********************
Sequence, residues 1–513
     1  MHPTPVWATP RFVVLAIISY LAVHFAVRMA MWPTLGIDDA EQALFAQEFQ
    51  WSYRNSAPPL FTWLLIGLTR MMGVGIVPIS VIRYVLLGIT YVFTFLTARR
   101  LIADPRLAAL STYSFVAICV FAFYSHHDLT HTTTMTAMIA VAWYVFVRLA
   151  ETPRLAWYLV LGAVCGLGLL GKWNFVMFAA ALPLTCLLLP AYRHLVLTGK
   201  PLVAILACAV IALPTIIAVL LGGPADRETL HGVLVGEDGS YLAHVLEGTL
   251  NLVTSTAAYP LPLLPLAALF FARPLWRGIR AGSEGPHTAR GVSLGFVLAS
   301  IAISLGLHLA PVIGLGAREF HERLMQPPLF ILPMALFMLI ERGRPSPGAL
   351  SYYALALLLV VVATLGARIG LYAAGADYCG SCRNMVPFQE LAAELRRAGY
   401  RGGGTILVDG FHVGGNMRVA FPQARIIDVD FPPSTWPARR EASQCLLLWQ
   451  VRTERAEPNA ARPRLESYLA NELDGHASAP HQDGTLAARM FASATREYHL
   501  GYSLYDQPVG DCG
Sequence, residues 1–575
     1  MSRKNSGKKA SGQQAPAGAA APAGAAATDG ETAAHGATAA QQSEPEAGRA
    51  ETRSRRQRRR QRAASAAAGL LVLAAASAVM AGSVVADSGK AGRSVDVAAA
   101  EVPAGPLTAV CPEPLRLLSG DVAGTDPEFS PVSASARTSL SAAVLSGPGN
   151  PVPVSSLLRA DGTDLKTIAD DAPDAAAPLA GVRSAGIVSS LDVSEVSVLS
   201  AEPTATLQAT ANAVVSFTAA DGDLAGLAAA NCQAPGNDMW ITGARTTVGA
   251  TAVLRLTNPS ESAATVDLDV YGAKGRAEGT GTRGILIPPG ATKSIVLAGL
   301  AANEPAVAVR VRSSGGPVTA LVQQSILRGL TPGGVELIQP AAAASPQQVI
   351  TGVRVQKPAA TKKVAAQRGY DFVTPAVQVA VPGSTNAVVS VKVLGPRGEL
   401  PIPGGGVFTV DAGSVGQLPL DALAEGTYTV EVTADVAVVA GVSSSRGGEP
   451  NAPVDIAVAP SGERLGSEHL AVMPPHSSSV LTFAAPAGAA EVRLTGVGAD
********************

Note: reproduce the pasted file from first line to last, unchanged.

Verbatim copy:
Sequence, residues 1–513
     1  MHPTPVWATP RFVVLAIISY LAVHFAVRMA MWPTLGIDDA EQALFAQEFQ
    51  WSYRNSAPPL FTWLLIGLTR MMGVGIVPIS VIRYVLLGIT YVFTFLTARR
   101  LIADPRLAAL STYSFVAICV FAFYSHHDLT HTTTMTAMIA VAWYVFVRLA
   151  ETPRLAWYLV LGAVCGLGLL GKWNFVMFAA ALPLTCLLLP AYRHLVLTGK
   201  PLVAILACAV IALPTIIAVL LGGPADRETL HGVLVGEDGS YLAHVLEGTL
   251  NLVTSTAAYP LPLLPLAALF FARPLWRGIR AGSEGPHTAR GVSLGFVLAS
   301  IAISLGLHLA PVIGLGAREF HERLMQPPLF ILPMALFMLI ERGRPSPGAL
   351  SYYALALLLV VVATLGARIG LYAAGADYCG SCRNMVPFQE LAAELRRAGY
   401  RGGGTILVDG FHVGGNMRVA FPQARIIDVD FPPSTWPARR EASQCLLLWQ
   451  VRTERAEPNA ARPRLESYLA NELDGHASAP HQDGTLAARM FASATREYHL
   501  GYSLYDQPVG DCG
Sequence, residues 1–575
     1  MSRKNSGKKA SGQQAPAGAA APAGAAATDG ETAAHGATAA QQSEPEAGRA
    51  ETRSRRQRRR QRAASAAAGL LVLAAASAVM AGSVVADSGK AGRSVDVAAA
   101  EVPAGPLTAV CPEPLRLLSG DVAGTDPEFS PVSASARTSL SAAVLSGPGN
   151  PVPVSSLLRA DGTDLKTIAD DAPDAAAPLA GVRSAGIVSS LDVSEVSVLS
   201  AEPTATLQAT ANAVVSFTAA DGDLAGLAAA NCQAPGNDMW ITGARTTVGA
   251  TAVLRLTNPS ESAATVDLDV YGAKGRAEGT GTRGILIPPG ATKSIVLAGL
   301  AANEPAVAVR VRSSGGPVTA LVQQSILRGL TPGGVELIQP AAAASPQQVI
   351  TGVRVQKPAA TKKVAAQRGY DFVTPAVQVA VPGSTNAVVS VKVLGPRGEL
   401  PIPGGGVFTV DAGSVGQLPL DALAEGTYTV EVTADVAVVA GVSSSRGGEP
   451  NAPVDIAVAP SGERLGSEHL AVMPPHSSSV LTFAAPAGAA EVRLTGVGAD